The system bus of the IBM PC had 8 data lines and 20 address lines, in a logical correspondence to the 8088 CPU.
The AT added a second inline edge connector to expand this to 16 data lines and 24 address lines, again in a logical correspondence to the new 286 CPU. And certainly the wider data bus made the system run faster.
But I'm wondering were the extra address lines really used? Of course there was the infamous problem with the 1-megabyte address space limit being baked into the API by the time the AT came on the scene, but it seems to me there is another issue.
Most of the address space in an 8088 machine would naturally enough tend to be used for RAM. An IBM PC could take up to 64K on the motherboard, but you could stuff it with memory cards to bring it up to 256K, run Lotus 1-2-3 and turn your spreadsheets into graphs that made you look good in presentations, and that was the combination that made the IBM PC decisively superior to the Apple II in terms of what you could do with it, never mind the IBM nameplate.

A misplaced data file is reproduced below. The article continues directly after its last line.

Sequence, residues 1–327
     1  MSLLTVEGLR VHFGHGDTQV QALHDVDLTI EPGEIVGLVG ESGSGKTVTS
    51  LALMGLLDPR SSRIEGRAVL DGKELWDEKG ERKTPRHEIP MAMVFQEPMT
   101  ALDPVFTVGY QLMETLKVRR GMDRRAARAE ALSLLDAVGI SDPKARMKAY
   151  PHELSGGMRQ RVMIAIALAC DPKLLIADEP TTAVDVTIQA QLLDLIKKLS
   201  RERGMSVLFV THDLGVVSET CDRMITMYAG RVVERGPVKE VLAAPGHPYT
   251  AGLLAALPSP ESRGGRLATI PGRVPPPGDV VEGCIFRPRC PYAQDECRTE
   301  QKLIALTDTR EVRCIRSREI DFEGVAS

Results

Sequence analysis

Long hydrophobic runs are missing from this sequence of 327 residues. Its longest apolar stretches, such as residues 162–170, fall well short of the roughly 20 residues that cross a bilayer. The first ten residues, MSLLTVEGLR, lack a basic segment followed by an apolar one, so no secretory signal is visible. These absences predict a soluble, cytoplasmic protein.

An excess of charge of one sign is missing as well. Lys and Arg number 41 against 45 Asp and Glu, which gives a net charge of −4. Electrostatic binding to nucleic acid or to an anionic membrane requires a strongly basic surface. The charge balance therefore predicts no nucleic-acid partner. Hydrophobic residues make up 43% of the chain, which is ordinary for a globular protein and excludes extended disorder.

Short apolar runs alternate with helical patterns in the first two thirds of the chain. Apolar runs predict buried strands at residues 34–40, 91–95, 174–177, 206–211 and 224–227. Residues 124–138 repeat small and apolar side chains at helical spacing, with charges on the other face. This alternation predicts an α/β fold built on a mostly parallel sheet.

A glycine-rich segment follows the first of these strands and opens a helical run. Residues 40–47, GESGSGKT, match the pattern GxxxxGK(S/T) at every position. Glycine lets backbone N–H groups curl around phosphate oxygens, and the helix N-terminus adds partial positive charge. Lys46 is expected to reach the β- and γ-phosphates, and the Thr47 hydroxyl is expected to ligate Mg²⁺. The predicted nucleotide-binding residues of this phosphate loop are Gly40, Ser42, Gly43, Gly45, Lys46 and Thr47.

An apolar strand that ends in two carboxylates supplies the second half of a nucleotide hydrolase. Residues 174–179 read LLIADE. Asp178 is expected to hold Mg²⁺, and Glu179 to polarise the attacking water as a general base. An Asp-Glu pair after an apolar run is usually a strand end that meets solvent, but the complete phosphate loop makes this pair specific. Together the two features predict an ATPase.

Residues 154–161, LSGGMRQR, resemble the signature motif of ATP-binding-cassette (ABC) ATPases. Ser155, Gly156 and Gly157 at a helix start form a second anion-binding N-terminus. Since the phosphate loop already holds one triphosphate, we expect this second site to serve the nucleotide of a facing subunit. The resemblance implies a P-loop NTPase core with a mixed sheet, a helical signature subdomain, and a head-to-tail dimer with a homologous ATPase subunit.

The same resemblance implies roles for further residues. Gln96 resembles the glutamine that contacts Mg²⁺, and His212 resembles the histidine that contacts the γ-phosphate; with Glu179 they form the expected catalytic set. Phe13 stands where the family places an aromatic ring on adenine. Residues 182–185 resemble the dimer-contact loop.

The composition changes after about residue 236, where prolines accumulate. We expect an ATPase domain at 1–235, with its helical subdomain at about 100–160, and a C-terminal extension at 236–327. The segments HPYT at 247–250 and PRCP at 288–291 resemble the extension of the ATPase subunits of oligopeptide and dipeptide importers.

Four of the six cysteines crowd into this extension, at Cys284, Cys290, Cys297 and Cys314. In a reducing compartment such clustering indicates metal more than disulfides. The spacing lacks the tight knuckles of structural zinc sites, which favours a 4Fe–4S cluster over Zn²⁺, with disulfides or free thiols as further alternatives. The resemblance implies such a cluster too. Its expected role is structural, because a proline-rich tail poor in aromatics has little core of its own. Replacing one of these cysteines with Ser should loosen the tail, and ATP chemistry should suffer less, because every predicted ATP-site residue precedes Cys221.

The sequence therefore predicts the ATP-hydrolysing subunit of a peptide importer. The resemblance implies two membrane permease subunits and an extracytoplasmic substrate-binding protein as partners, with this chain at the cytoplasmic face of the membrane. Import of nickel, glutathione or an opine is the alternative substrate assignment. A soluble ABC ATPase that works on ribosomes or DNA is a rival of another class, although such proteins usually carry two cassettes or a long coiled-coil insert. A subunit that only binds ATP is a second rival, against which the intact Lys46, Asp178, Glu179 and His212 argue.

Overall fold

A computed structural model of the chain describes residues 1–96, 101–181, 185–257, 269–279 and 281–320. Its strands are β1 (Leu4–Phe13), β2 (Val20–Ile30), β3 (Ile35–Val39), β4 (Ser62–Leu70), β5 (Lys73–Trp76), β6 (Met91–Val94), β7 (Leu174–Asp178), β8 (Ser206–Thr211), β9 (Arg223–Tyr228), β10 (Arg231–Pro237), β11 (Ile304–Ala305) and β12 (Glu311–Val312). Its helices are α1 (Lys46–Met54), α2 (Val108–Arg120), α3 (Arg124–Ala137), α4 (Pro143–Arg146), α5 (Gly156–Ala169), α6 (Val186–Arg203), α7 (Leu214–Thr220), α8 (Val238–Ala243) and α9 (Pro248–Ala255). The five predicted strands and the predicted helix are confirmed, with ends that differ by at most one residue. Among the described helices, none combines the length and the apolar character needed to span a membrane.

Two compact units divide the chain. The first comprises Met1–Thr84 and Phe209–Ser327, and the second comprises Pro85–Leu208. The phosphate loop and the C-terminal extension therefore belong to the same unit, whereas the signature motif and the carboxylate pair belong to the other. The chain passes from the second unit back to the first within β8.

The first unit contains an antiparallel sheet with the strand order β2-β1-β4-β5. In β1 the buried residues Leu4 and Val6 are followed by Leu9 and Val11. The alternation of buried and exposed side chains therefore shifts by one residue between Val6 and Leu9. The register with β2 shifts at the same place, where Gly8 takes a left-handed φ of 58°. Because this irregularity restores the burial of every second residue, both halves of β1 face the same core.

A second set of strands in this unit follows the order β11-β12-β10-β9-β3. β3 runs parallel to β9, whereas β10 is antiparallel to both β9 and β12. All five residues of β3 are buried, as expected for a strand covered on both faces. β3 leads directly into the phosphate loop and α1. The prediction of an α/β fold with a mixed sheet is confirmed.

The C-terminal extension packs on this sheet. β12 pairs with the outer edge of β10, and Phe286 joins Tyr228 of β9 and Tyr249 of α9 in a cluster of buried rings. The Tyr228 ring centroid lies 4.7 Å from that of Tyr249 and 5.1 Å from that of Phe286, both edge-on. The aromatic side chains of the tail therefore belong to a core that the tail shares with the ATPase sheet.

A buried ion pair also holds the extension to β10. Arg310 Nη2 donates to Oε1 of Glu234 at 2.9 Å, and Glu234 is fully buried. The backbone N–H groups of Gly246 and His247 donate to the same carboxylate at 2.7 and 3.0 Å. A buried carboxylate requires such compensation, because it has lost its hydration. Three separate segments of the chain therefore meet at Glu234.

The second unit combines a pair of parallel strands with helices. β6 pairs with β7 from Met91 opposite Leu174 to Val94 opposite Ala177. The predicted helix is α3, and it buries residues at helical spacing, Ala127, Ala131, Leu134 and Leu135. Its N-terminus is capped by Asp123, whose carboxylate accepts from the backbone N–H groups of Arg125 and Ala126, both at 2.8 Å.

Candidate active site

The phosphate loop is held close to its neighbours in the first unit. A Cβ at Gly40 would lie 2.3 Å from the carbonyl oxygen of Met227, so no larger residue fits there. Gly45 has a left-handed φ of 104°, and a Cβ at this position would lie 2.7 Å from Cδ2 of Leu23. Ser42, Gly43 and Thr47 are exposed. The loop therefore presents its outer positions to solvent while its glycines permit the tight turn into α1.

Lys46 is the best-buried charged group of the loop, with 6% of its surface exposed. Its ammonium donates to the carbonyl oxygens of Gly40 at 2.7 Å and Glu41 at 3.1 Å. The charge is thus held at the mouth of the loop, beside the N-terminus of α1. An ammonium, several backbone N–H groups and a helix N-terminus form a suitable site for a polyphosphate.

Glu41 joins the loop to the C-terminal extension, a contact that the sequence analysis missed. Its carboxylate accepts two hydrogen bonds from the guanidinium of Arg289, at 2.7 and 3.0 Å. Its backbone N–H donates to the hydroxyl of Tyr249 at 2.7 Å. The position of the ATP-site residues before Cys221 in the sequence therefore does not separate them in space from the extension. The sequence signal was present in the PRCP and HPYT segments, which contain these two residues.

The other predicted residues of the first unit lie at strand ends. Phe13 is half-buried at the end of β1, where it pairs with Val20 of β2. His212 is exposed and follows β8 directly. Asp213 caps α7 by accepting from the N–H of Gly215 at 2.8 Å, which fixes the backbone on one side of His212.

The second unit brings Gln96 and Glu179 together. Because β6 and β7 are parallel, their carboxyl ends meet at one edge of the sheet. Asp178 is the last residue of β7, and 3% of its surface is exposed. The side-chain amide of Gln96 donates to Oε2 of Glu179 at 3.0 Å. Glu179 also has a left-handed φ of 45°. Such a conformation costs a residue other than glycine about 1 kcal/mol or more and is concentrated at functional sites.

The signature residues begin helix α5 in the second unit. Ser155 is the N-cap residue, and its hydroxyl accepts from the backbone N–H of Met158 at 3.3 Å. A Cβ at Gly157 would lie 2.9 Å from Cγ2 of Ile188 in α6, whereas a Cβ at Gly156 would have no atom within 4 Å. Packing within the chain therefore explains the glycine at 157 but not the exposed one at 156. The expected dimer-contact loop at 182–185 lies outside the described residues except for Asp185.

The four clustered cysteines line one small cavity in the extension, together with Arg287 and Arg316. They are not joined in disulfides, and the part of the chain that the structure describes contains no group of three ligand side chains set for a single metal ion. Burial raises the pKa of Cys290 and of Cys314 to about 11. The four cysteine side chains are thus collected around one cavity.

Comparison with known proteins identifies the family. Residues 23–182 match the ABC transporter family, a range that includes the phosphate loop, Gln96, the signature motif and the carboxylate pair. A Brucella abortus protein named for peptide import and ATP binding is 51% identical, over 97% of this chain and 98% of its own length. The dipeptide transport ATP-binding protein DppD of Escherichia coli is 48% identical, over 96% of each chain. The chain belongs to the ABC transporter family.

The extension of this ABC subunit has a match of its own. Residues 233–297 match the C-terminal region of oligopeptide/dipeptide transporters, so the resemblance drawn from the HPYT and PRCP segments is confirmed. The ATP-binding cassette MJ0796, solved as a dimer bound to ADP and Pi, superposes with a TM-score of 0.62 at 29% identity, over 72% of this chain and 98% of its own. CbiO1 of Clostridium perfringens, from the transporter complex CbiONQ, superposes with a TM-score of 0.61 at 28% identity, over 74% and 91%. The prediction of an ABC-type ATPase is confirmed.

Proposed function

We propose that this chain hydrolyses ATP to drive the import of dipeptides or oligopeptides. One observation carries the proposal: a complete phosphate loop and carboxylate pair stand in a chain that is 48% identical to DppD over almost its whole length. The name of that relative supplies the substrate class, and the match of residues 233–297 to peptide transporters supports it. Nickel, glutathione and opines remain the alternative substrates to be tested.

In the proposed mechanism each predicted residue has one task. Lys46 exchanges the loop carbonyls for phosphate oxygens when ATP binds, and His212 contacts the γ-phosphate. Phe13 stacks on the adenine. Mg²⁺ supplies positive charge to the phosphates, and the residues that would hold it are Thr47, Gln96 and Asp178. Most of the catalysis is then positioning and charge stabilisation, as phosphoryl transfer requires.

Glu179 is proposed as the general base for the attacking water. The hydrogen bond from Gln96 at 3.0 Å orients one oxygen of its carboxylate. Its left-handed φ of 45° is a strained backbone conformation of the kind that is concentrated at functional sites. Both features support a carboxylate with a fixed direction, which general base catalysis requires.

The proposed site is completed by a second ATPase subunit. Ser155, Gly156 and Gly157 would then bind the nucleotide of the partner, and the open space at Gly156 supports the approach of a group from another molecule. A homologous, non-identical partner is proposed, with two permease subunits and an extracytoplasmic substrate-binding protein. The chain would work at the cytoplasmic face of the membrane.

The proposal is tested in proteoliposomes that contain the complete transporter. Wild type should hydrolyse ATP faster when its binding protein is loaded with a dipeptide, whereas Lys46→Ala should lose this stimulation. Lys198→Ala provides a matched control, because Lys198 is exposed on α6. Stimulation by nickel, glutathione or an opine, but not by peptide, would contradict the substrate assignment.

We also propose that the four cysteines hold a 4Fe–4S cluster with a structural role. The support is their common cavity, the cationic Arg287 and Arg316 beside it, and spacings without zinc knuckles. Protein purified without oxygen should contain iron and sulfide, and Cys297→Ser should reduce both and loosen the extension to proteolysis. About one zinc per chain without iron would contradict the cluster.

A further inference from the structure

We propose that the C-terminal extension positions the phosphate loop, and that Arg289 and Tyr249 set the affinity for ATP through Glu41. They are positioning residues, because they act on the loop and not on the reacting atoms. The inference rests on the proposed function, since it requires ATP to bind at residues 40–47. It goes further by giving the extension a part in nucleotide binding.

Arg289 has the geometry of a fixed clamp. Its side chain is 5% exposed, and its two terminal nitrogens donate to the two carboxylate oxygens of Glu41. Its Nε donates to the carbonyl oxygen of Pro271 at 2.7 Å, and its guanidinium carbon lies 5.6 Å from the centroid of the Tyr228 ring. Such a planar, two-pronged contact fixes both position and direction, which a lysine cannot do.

But the SIMM was invented in 1982, two years before the AT came out. So in the 286 era, you didn't need to put memory cards on the system bus anymore. It was still used for lots of other things, of course. But none of them consumed address space wholesale the way RAM did.
So: did anything ever actually use the extra address space of the 16-bit ISA bus?